The deck still pressures opponents well, punishes opponents for trying to block, has plenty of reach in the form of burn spells and deserts, and can attack from multiple angles. At this point in time, it’s hard to even come up with reasons not to just jam Red. Hopefully I can figure something else out; but, if I end up sleeving up a bunch of Mountains, I won’t be too disappointed either.


Ruin Raider
I talked about coasting through the Atlanta Open earlier, but there was one hiccup along the way. I lost to a Mono-Black Aggro deck in the last round of the swiss, but the deck never picked up any steam. That was probably for good reason as it was rather mediocre, but it definitely had some things going for it. A few new editions from Ixalan could be exactly what it needed to push it into the realm of playability. There’s still a pretty good chance that there’s no reason to play Mono-Black over Mono-Red if you’re in the market for a consistent aggro deck, but there are some advantages Black has over Red. The question is if the advantages outweigh the deck’s shortcomings.

As I mentioned earlier, the 1-drop slot is where Mono-Red is at its weakest, but Mono-Black excels in that area. With the addition of Vicious Conquistador, you have access to twelve 1-drops that hit for two. This is critical because hitting hard is necessary in order to compensate for the deck’s lack of reach. The deck isn’t completely absent of reach, Night Market Lookout and Aethersphere Harvester can do some work, but you’re not going to win too many games after getting brickwalled. The upside is that this deck is likely even better than Red at slogging through removal. Between Dread Wanderer, Scrapheap Scrounger, Glint-Sleeve Siphoner, and Ruin Raider, getting one-for-oned out of the game will be an infrequent occurrence.

Ruin Raider is the card that actually makes this deck a potential contender. Between the undercosted creatures, cheap removal, and recursive threats, finding a spot to jam in should rarely be an issue. If you’re able to keep the cards flowing with Siphoner and Raider, burying your opponent should be simple regardless of your cards’ individual power level. The innate card advantage is also what allows the deck to get away with playing so many singular purpose removal spells.

But above all else, the biggest advantage Mono-Black possesses is that it appears to have the tools to actually beat Mono-Red. I’m not sure if my current list is solid against Red, but between cheap creatures that gain life, cheap removal, Aethersphere Harvester, and Vraska’s Contempt, I don’t see a reason why this deck can’t be configured to beat Red. If the deck is able to consistently beat Red and it is aggressive enough to punish unpolished brews, it could be a real winner for week one.


Lightning Strike
I touched on the deck a bit at the end of my last article, but after putting some more work into the list, I genuinely believe Mardu can still be a contender. I’m not the type of person to force an archetype because I have predilection for it; I actually think that the deck is solid. It does have to undergo some massive changes, though.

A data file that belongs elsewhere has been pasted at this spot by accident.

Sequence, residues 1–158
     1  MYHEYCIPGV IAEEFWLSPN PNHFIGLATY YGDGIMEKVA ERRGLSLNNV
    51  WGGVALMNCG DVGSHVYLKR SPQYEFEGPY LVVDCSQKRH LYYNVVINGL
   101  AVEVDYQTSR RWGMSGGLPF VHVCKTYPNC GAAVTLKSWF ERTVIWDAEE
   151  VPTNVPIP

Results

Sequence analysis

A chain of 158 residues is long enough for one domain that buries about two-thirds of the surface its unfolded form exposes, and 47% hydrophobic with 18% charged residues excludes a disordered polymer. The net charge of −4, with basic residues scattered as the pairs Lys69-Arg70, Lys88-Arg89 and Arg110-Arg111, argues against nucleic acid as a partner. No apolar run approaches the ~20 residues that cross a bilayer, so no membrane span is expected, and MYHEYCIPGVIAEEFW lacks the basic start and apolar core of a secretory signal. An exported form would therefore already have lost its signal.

Despite appearing rather similar to the Mardu Vehicles lists we’ve grown accustomed to over the past year, this deck functions quite differently. The old Mardu decks we’re known for being these multifaceted piles of good cards. They attacked from countless angles and could adjust roles at whim. While there are still some elements of that present here, the deck is primarily a {W}{R} beatdown deck that utilizes Vehicles, Lightning Strike, and Unlicensed Disintegration for reach. So while Mardu is much easier for other decks to attack now, there are a few advantages that Mardu will have until the metagame adjusts. Early on in the format, I expect Lightning Strike to be very overplayed. This means that Abrade will be at an all-time low, allowing Mardu Vehicles to get a ton of mileage out of its namesake cards. And if you’re vehicles aren’t being targeting, getting your opponent into burn range shouldn’t prove to be too difficult of a task.

The sideboard is also a bit different than it used to be as well. While the plan is still to be able to adjust roles as needed, the mana restrictions and the dearth of solid Planeswalkers has made the plan a bit less potent. Overall, I’d still say Mardu has a better than average sideboard though, and it’s one of the strengths of the deck.

Being the three most aggressive archetypes that look promising, these are going to serve as the baseline for my initial testing. Ixalan was released on Magic Online just a little under an hour ago for me, and I can’t wait to hop in some leagues and start beating people down. I’ll have a few days to get some testing in, and I can start to get an idea of what my deck needs to look like in order to beat other aggressive decks while still being effective against emerging archetypes. Finding the balance here will be key.